Current Issue
This Month's Print Issue

Follow Fast Company

We’ll come to you.

01.28.17 | 1:50 am

Let us now praise MacroMind Director

Today, I read that Adobe is discontinuing its venerable Director multimedia authoring package and Shockwave, the technology used to put Director content on the web. After work, I went out for dinner at a shabu-shabu joint and—San Francisco being a small town—found myself sitting a table away from Marc Canter, the industry legend who cofounded MacroMind, the company that created Director back in the the 1980s. (Director was originally called Videoworks; MacroMind later evolved into Macromedia before being swallowed up by Adobe, its archrival.)

I took the opportunity to ask Canter for his thoughts about Director, which was born in the pre-web era when CD-ROMs seemed to be the future. He told me that 85% of the CD-ROMs published in the medium's golden age were assembled using the package. "You'd buy this $800 product and hang a shingle and make multi-millions," he said.

Canter also lamented that Director doesn't receive the same appreciation for its pioneering role in interactive content creation as does Apple's HyperCard, which appeared two years after Videoworks and had a much briefer period of relevance. He's right. Even though Director long ago faded away, it gave way to Flash, which was rendered irrelevant by HTML5—and it deserves a spot on any list of the most significant foundational technologies of all time.   

[Director screen via MacGUI]

10.26.16 | 12:12 pm

It’s good to be Adobe right now

It's always good to be Adobe, maker of arguably the best creative design tools out there. That's especially true in an environment where hardware makers like Apple and Microsoft are focused on making products that allow for really detailed, complex digital illustration. This year Microsoft bestowed on creatives a faster Surface Pro 4 while Apple gave us the iPad Pro and pressure-sensitive stylus Pencil. Now Microsoft has launched the equivalent of an artist's easel with its Surface Studio. That means even more places to get your creative juices flowing with Adobe's signature software.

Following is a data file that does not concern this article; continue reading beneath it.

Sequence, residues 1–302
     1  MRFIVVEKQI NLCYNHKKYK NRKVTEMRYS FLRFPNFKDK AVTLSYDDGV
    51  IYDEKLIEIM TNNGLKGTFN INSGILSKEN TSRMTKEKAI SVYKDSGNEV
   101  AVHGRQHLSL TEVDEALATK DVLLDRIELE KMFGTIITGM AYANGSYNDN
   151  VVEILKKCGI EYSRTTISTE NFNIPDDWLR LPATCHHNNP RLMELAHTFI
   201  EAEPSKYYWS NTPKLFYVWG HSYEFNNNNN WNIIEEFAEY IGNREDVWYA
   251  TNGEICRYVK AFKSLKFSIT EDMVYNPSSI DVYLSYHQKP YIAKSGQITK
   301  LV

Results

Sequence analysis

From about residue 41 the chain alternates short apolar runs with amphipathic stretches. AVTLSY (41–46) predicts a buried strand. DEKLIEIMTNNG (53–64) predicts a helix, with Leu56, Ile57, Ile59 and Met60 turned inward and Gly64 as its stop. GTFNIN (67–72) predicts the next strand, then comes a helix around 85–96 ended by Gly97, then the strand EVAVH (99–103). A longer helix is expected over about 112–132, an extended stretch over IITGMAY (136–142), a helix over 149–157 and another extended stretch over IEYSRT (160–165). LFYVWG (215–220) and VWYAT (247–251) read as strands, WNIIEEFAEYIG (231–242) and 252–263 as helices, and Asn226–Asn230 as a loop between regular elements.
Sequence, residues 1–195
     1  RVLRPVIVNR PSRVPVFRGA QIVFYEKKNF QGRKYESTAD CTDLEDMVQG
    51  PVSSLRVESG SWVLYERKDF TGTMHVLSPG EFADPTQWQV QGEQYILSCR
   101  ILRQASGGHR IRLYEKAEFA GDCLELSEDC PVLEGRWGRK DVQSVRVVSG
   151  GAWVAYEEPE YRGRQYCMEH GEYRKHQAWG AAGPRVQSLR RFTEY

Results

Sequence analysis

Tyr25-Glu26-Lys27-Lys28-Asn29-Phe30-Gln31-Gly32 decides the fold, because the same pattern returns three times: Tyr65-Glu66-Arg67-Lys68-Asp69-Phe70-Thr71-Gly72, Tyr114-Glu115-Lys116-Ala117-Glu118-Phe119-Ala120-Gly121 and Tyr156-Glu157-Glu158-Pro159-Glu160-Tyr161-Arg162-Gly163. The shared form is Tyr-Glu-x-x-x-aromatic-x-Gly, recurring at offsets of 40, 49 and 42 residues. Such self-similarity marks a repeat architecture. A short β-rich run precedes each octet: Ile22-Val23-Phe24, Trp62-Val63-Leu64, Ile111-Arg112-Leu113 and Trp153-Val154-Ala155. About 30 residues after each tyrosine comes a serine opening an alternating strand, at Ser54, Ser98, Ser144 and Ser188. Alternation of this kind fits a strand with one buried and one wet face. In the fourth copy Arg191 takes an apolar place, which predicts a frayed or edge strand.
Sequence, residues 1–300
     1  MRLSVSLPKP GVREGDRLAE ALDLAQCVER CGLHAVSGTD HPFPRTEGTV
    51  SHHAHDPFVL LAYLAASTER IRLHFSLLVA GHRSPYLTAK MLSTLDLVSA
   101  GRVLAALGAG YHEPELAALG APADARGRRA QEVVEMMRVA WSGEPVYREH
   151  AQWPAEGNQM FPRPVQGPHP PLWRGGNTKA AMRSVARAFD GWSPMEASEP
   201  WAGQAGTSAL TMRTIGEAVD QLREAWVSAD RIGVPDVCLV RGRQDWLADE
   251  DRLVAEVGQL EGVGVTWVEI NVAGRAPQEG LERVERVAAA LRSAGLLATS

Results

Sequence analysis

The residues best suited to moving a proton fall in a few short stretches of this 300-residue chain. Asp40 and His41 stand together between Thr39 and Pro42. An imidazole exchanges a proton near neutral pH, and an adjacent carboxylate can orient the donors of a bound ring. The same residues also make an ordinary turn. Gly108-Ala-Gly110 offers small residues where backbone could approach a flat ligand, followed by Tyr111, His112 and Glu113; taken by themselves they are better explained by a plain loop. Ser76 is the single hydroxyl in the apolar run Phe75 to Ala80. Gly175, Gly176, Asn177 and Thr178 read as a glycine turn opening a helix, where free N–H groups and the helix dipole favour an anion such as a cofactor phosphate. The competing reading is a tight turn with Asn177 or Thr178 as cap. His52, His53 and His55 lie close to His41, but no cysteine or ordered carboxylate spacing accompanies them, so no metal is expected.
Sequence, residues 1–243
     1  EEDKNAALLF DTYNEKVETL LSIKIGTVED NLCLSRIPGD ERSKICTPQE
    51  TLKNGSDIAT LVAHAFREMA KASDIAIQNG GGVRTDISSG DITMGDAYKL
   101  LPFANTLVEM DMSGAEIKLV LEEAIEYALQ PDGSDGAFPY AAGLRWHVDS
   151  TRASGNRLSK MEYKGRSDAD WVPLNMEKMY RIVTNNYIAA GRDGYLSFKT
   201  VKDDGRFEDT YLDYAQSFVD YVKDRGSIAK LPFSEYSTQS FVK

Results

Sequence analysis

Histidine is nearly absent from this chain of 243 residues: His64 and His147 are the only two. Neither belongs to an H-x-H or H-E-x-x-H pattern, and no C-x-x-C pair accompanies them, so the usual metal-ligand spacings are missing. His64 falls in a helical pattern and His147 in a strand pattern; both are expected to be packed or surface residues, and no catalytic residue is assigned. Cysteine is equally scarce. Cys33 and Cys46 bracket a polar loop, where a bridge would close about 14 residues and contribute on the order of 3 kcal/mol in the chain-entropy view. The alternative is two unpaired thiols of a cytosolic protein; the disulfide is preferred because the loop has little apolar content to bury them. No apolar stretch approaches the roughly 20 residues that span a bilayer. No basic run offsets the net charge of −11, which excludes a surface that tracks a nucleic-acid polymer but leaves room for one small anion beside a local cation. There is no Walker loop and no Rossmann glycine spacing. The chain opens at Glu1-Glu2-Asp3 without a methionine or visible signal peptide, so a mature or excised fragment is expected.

06.21.16 | 9:01 am

A cool Photoshop feature just moved from mobile back to the desktop

Last December, I wrote about face-aware liquify, a Photoshop feature based on some seriously sophisticated image-processing technology. It identifies facial features such as eyes and mouths, then lets you easily tweak them using sliders so that someone in a photo has big, soulful eyes or a more winning smile. And it debuted first in Adobe's Photoshop Fix mobile app, in a major departure from the era when Photoshop's tablet and phone variants were pretty much just dumbed-down versions of their desktop predecessors.

Now face-aware liquify is arriving in Photoshop for Macs and Windows PCs. It's part of the new update to Adobe's pay-as-you-go Creative Cloud service, which also includes new features such as content-aware cropping (which can fill in white space at the corners when you rotate an image) and the ability to identify fonts in an image and help you acquire a particular typeface or an approximation thereof. The company has also more deeply embedded the stock photography market it launched a year ago, in hopes of making purchasing its images so simple that it's downright irresistible.